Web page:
*This guest blog post was written by Aurélien Benoit-Lévy.*

The cosmic microwave background (CMB) is the furthest light we can observe. Since it is the furthest, bright galaxies and other compact objects can pollute in a nasty way the superb observations of the CMB that forthcoming experiments will soon deliver. To get rid of these point sources, we need to mask them. This is of course not harmless, as the resulting map is punched with holes just like emmental!

Holes in a map are unfortunate as they considerably complicate the spectral properties of the signal under consideration. But if there is a problem somewhere, it means that there is a solution, and I’m sure you would have guessed the solution: inpainting! Inpainting is just like cod, it’s good when it’s well made. The basic idea is to fill the holes with some fake data that would mimic some properties of the original signal. There are plenty of methods to inpaint a hole. For instance, the simplest one would be to fill the hole with the mean of all the surrounding pixels, but we can do much better than that.

CMB has a nice property: it’s correlated. This means that the probability that a given pixel has a given value is not independent of the value of the other pixels. And the CMB is also (very very close to) Gaussian, so we can use those two properties to generate random constrained Gaussian realizations that mimic the lost signal, but preserve the statistical structure of the map. Basically, we can use the information contained in the non-contaminated region to guess the most probable value in the holes. This technique has been known for quite a while, but sometimes requires heavy computations to accurately take into account all the information available in the map.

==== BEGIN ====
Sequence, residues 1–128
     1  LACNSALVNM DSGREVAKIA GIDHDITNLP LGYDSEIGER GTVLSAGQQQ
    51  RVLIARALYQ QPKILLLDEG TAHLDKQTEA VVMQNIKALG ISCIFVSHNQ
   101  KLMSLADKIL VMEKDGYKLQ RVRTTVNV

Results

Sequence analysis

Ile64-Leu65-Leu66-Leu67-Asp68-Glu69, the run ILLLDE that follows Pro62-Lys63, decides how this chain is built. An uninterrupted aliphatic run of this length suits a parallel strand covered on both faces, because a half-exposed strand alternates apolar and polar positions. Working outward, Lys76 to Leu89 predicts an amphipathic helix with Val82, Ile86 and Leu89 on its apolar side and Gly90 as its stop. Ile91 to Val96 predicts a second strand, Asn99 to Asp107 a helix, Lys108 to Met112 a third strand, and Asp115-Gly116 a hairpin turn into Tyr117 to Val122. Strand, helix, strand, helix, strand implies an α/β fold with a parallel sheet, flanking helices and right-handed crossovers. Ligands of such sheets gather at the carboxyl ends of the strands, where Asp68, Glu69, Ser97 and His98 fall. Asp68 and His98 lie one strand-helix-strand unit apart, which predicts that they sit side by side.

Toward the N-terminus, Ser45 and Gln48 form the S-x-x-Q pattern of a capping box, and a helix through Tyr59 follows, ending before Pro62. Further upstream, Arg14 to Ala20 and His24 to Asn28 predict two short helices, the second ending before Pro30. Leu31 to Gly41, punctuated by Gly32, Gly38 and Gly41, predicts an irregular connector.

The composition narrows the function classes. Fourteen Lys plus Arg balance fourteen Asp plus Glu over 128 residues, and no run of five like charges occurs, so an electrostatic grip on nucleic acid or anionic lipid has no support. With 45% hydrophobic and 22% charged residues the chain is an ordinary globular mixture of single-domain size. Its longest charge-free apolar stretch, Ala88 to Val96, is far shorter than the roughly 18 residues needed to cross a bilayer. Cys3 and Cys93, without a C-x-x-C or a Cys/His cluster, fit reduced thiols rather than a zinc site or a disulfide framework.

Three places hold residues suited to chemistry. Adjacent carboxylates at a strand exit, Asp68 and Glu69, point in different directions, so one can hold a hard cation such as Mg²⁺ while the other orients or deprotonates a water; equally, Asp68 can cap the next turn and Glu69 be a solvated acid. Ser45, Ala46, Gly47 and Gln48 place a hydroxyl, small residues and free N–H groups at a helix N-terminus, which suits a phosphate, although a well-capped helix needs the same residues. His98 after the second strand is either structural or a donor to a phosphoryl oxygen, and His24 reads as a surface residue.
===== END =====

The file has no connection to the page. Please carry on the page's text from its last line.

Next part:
In recent work, my collaborators and I have demonstrated that it is not necessary to account for the whole map to inpaint a small hole. Using only the neighboring pixels is enough. With this method, we are able to inpaint a realistic CMB map, with a realistic point source mask in a realistic time! And the statistical properties of the inpainted maps are virtually unchanged! We applied this locally-constrained Gaussian realization in the special case of CMB lensing reconstruction and showed that this tool is very efficient, as it preserves the two-point statistic, and – above all – does not generate a spurious four-point signal. Of course, I now need to tell you about CMB lensing and four-point statistics, which is a very big thing and we’ll hear a lot about it in the coming months. But that will be for another post!

You can read more here:

Aurélien Benoit-Lévy et al.

Full-sky CMB lensing reconstruction in the presence of sky-cuts.